With this background, the team of scientists began to establish a pharmacological strategy to prevent or treat oxaliplatin-induced neuropathies. It was then that they arrived at the well-known drug “Metformin”, widely used for the treatment of type 2 diabetes mellitus and which, according to the pre-clinical results of their research, would prevent the development of oxaliplatin-induced neuropathy.
The results in in-vivo models, published in the journal Neurobiology of Pain, determined that the concomitant use of metformin managed to avoid the degeneration of intraepidermal fibers, gliosis and the alteration of sensitivity.
The work, entitled “Metformin protects from oxaliplatin induced peripheral neuropaty in rats”, was the result of a joint effort led by Dr. Margarita Calvo and Dr. Bruno Nervi, both from the Pontificia Universidad Católica de Chile, together with Dr. Felipe Court of the Universidad Mayor (Chile) and constitutes a possible new high-impact clinical approach for the use of this drug in cancer patients.
The presentation of this research was carried out within the framework of the 1st Webinar of the International Committee of Women in Neuromodulation, called “Neuropathic Oncological Pain”, an activity organized by the Argentine Society of Neuromodulation (SANE),
One of the organizers of the event, the specialist in Chronic Pain, Dr. Wendy Rojas from Bolivia, indicated that “having been able to learn about the research work in oncological neuropathic pain that is carried out in institutions such as MiNuSPain in Chile or the work that is carried out in the CONICET Laboratory of the Universidad Austral de Argentina or in Pain Units in Spain and that, who carry out these investigations, can exchange about this common concern that they have, is a very important contribution to the knowledge of pain ”.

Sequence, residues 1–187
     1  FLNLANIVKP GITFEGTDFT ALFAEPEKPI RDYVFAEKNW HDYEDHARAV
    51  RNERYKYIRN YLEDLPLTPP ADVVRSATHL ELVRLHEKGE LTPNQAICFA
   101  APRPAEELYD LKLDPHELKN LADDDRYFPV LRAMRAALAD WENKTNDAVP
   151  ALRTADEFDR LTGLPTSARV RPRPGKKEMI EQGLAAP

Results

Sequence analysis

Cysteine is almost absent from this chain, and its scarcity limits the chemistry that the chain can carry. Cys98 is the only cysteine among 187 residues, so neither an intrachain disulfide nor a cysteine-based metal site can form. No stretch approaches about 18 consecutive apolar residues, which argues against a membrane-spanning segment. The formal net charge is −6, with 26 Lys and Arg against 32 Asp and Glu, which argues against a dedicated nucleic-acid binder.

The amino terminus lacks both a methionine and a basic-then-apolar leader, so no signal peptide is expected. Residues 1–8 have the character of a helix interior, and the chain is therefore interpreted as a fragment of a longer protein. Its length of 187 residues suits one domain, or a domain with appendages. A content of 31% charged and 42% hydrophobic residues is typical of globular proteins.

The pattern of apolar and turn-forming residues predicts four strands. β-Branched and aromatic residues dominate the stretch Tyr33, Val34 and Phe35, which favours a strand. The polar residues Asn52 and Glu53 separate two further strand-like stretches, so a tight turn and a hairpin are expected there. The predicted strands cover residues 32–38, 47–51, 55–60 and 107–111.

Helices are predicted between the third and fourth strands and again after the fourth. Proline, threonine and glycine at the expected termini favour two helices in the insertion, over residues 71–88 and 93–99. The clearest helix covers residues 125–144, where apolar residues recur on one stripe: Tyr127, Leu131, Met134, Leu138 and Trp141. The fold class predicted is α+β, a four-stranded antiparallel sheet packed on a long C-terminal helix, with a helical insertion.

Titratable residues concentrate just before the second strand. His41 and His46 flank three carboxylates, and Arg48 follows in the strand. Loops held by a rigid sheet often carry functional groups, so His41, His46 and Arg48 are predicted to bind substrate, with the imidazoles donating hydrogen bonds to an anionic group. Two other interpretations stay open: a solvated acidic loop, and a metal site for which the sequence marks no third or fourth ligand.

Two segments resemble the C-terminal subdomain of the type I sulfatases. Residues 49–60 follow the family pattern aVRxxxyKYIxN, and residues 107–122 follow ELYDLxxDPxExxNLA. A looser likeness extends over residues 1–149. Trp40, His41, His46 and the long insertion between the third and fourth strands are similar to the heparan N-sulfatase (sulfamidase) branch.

The expert added that the contribution of this type of initiative lies in the fact that «this allows us to know what lines of research are being developed in order to overcome problems that we have today in our medical practice in pain medicine».
The presentation of Dr. Margarita Calvo was also joined by the presentation of the head of the Pain Unit of the Hospital Universitario de la Princesa de Madrid (Spain), Dr. Concepción Pérez Hernández, who addressed the “State of the Art in the Treatment of Neuropathic Oncological Pain (Post-chemotherapy, Post-surgical and Post-surgical) ”. On the occasion, the Hispanic researcher provided an update on this matter, showing the prevalence of this type of pain, the available evidence on drugs for the management of the disease and the latest treatment guidelines.
Along with them, the director of the Cancer Pain Laboratory at the Translational Medicine Research Institute, CONICET-Austral in Buenos Aires (Argentina), Dr. María Florencia Coronel, also presented part of her work. The academic specifically addressed the pathophysiological mechanisms that cause post-chemotherapy neuropathic pain, as well as the laboratory results on the use of resveratrol for the prevention and treatment of chemotherapy-induced neuropathies.